Closing the Loop: How the Measurement Economy Can Unlock Carbon Capture and Storage’s Vast Potential
The fight against climate change was front and center as global leaders gathered in Egypt for COP27. The severity of the crisis and the urgency of action needed to meet the Paris Agreement goals has come into sharp relief as some of the world’s brightest minds gather to talk about solutions.
But there’s good news—here in the United States, the Inflation Reduction Act (IRA) and the Bipartisan Infrastructure Law (BIL) have unlocked the opportunity to deploy climate change-abating decarbonization projects and infrastructure. This marks a watershed moment for technologies such as Carbon Capture & Storage (CCS).
The technical feasibility and efficacy of CCS has been known for decades, but a lack of certainty surrounding economic incentives and policy support prevented rapid scale-up. However, CCS’s days as a limited carbon abatement technology appear over as the IRA and BIL have removed these market-tempering uncertainties. CCS projects are now significantly more cost-effective, setting them up to play a key role in net-zero commitments while signaling to the world that the U.S. will lead the push to net zero.
A Race Against Time
Policy and economic certainty provide a stable foundation for the success of decarbonization technologies. However, several obstacles remain. Shortening the permitting process for decarbonization projects is one of the keys to their success, federal permitting processes have yet to catch up with the pace of this space. Attempts have been made to address this hurdle, most notably by Senator Joe Manchin, but to date, have been unsuccessful. The U.S.’s climate goal attainment will remain in jeopardy until we streamline the permitting process.
There is also a need to debunk myths and conjecture surrounding CCS and its important decarbonization role. The United Nations Intergovernmental Panel on Climate Change (IPCC) clearly states not only the efficacy of CCS as a greenhouse gas abatement solution, but also the critical role CCS must play if we are to meet our collective sustainability goals. Nevertheless, counterfactuals from less progress-oriented voices have continued to proliferate casting doubt as to the safety and effectiveness of CCS. Again, this is where the power of trusted and transparent measurements can thwart uncertainty or misunderstanding to deliver stakeholder harmony and agreement. Education utilizing real data, not estimates or assumptions, supports the modern-era social license to operate while assuaging “not in my backyard” concerns.
Finally, one last domino needs to fall for decarbonization technologies to achieve their full potential. Estimates have concluded that we need investments as high as $5.8 trillion per year to reach net zero by 2050. Hitting these targets will require significant amounts of capital from institutional investors, which typically demand higher thresholds of investment return certainty and a longer track record sector performance at scale which decarbonization projects do not currently possess. It is essential to remain patient with a long-term outlook. While ESG funds may be underperforming the market now, the long-term investor sentiment behind the meteoric increase in ESG focused capital is here to stay. Consumers and investors value their money going to projects and companies they are certain will have long-term viability in a lower carbon global future. The proof of this is the unwavering commitment of stakeholder capitalism backed by financial heavyweights such as Larry Fink, Mark Carney, and Jamie Dimon and responsible investor coalitions such as the Institutional Investors Group on Climate Change snowballing in size.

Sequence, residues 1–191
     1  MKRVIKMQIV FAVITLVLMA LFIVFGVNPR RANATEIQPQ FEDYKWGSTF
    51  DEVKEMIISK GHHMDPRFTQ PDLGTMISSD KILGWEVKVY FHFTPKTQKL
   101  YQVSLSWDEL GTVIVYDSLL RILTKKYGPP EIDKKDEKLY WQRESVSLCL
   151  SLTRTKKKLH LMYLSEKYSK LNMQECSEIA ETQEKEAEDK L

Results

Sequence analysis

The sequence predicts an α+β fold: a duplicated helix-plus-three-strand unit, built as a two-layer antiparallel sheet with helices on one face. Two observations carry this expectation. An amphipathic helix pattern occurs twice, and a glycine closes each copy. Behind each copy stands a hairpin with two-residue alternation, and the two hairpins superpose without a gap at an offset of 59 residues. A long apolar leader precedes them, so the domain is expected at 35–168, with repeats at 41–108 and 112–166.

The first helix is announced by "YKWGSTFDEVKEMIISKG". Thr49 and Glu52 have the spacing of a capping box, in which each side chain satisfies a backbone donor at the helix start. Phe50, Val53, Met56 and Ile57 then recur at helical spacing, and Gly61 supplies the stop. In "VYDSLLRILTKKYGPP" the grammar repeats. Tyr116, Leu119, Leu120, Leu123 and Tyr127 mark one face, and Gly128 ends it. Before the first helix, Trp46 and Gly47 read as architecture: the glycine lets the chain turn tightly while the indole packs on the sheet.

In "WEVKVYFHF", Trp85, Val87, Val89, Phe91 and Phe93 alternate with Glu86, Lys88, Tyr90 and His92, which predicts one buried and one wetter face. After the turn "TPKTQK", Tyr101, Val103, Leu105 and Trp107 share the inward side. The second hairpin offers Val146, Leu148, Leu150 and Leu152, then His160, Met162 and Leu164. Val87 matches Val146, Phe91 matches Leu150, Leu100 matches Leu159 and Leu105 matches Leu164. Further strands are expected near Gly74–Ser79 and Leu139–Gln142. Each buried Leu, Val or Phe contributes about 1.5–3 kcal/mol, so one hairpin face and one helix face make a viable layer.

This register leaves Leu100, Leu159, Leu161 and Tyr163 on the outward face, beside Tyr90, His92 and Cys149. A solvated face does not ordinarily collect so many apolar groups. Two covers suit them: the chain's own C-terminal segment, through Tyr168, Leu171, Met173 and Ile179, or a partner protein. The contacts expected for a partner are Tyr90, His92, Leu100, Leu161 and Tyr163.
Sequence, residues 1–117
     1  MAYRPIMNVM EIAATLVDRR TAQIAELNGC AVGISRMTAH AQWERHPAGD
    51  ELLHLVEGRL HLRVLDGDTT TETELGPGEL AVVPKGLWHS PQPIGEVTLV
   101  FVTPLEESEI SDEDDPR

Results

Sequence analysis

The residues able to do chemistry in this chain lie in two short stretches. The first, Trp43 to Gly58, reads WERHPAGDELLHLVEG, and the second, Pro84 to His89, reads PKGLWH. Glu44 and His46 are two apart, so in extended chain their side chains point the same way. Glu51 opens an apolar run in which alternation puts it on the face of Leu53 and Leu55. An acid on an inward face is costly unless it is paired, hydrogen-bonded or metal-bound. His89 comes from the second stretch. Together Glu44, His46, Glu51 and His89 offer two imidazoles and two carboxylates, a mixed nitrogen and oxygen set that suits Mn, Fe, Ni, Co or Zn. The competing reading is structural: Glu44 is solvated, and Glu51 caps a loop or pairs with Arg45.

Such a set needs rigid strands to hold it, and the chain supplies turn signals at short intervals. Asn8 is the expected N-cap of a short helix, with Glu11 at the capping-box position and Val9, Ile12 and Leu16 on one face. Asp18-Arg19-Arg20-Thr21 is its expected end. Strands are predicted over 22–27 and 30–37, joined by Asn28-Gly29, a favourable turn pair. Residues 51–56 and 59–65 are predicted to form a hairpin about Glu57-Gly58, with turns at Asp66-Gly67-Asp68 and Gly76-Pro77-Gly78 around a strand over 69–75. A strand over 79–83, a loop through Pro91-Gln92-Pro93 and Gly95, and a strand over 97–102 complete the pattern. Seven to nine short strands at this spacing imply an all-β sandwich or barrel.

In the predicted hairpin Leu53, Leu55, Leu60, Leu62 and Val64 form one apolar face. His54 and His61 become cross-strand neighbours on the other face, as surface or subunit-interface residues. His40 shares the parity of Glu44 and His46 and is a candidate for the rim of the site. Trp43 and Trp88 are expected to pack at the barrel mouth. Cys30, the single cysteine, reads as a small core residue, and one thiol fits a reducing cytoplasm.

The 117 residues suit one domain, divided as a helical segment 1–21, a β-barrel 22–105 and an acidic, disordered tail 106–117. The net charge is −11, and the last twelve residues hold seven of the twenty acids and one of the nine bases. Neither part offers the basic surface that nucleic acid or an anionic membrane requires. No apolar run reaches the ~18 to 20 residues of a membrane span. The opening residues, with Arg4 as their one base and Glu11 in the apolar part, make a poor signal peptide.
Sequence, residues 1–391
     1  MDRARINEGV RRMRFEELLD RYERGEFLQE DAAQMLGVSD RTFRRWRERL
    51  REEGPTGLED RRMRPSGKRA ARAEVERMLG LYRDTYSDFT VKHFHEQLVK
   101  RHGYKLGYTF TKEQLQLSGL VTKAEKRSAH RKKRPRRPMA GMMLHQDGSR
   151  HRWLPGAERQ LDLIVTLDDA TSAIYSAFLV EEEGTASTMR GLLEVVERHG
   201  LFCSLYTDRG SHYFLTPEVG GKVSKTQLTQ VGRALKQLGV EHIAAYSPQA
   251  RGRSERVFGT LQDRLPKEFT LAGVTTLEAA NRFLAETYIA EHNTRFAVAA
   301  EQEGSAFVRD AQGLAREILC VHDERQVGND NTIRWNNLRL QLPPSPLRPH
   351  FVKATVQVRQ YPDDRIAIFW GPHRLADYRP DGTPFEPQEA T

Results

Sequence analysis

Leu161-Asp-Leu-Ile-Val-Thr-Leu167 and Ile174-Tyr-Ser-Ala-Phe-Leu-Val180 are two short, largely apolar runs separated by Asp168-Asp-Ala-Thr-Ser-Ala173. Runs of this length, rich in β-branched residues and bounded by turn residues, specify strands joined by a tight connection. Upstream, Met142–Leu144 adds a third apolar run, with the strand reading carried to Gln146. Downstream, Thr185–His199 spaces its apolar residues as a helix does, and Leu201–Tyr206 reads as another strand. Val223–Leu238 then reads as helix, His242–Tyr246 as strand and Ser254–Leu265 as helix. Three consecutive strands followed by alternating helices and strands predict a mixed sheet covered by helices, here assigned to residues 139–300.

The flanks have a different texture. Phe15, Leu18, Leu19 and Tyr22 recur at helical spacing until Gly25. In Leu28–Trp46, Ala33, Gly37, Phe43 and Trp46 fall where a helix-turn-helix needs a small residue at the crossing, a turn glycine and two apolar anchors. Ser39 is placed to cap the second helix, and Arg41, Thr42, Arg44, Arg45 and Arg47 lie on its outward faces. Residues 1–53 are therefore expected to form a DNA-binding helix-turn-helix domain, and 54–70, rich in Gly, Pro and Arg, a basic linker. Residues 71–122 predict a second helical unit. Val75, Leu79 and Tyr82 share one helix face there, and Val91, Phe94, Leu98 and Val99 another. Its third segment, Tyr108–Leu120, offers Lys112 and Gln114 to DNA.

Closing the loop with Project Canary
The common harmonizing principle across these challenges is a need for better trusted high-fidelity measurements and data to thwart conjecture and misunderstandings about CCS projects. To ensure social license to operate, CCS projects must transparently demonstrate safe, permanent carbon storage back into the ground. Accurate, trustable third-party measurements provide science-based verification of the green credentials of CCS, thereby attracting capital allocation while also reducing capital risk. Third party measurement will also help build trust among the general public. Recent polling from Ipsos found that only 22% of people find oil & gas to be a trustworthy industry. The industry best suited to maximize the potential of safe and secure geologic carbon sequestration is not broadly trusted by stakeholders — independent measurement can help build trust.
With a measurement, reporting, and verification (MRV) process, companies have a yardstick to measure continuous improvement to reach the highest sustainability standards, producing the green receipts society demands. The World Bank succinctly states, “MRV is the key to unlocking climate finance and showing progress on climate goals.” Radical transparency and measurement fidelity will differentiate projects, players, and molecules in the CCS sector and catalyze marketplace innovation in areas such as carbon offset markets.
Indeed, measurement means everything to CCS’s success. That’s why Project Canary is primed to enter the CCS market. We will provide products and solutions via our rigorous third-party engineering-based environmental assessments and digital MRV platform for the capture, transport, and storage market segments.
The carbon management equation is a two-sided coin. We must simultaneously focus on measuring and certifying better-produced hydrocarbons out of the ground while measuring and verifying safe, permanent carbon storage back into the ground. As we build out our products and services for the latter, we look forward to partnering with market leaders to alter the arc of climate change and give emissions the bird!